Motif uses compound strings in many widgets. A compound string is used to set labels on label and button widgets as well as the contents of lists in Motif. These compound strings hold all information related to a string, including the text, direction and font used to display the string.
The Compound String Editor allows strings to have multiple fonts and direction, and allows for a connection to an X input method. For more information on the Compound String Editor, refer to Compound String Editor .
Motif does not supply a String-to- XmString converter that understands font list tags or direction information. Builder Xcessory provides a String-to-XmString converter in the bxutils file, which supports Builder Xcessory style ASCII representations of compound strings.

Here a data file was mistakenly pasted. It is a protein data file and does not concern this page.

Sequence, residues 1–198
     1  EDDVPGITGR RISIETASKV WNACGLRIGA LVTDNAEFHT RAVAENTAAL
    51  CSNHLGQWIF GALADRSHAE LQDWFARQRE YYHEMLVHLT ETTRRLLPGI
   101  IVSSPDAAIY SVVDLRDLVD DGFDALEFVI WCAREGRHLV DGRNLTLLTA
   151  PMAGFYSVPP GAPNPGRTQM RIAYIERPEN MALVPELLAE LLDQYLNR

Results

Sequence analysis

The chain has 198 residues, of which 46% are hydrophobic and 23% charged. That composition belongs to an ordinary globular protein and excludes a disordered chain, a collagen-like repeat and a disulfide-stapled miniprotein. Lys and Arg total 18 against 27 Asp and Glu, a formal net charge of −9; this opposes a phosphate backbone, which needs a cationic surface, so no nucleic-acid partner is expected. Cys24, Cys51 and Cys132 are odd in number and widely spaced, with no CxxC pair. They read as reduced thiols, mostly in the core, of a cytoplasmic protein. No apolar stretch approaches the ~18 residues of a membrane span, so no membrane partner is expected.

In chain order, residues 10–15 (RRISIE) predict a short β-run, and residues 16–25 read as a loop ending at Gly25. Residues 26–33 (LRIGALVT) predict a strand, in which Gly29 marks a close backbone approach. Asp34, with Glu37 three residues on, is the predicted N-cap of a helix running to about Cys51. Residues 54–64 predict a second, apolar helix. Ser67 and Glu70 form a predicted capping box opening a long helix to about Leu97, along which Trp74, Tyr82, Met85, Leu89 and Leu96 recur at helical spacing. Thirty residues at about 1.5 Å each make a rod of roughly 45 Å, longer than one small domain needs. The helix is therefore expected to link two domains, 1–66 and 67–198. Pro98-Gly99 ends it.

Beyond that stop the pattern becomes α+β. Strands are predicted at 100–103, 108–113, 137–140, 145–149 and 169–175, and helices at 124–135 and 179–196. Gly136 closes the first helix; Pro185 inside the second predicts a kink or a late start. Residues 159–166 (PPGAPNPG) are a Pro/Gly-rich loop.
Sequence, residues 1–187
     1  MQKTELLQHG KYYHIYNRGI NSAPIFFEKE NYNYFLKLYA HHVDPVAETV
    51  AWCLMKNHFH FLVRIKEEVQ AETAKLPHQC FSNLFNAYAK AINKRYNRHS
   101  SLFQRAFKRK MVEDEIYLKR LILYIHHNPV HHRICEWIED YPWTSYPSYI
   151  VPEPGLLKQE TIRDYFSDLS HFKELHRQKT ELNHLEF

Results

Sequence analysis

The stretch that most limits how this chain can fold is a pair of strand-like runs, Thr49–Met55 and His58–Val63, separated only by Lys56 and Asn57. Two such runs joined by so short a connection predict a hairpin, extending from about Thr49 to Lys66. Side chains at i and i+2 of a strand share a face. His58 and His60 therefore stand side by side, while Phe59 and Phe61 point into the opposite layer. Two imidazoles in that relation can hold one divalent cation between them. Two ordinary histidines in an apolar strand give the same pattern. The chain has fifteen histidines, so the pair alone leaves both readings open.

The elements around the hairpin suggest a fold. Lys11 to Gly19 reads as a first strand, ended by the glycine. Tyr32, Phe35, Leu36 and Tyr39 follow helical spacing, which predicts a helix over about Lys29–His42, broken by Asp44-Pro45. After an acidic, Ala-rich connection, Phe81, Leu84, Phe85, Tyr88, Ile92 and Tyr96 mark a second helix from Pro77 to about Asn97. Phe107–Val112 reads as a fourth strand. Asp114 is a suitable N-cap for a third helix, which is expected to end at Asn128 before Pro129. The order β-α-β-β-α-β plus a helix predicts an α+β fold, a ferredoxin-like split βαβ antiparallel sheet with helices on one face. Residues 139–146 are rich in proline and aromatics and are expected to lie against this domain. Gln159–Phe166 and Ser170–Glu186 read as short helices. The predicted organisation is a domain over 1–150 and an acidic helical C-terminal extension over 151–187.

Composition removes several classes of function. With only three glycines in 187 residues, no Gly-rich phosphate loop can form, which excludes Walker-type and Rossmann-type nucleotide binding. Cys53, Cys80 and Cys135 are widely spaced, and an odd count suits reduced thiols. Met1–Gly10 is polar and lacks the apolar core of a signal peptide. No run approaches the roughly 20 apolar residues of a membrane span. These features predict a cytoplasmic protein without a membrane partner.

A font list is a resource type that can be a single font or a font set. Font sets were introduced in X11R5 and Motif 1.2 (as the XFontSet). A font set is treated as a single entry in a font list, but contains all the fonts required to display all the characters of a locale. Internal X, Motif, and C routines are used to encode the font information for displaying a given string.
The Font List Editor in Builder Xcessory supports the specification of font sets as well as regular Fonts (see Font List Editor ). For more information on the Font List Editor, refer to Font List Editor .
Note: A font set is defined by the locale in which the program is running. For example, a font set that works in a Korean locale will not work in a Japanese locale.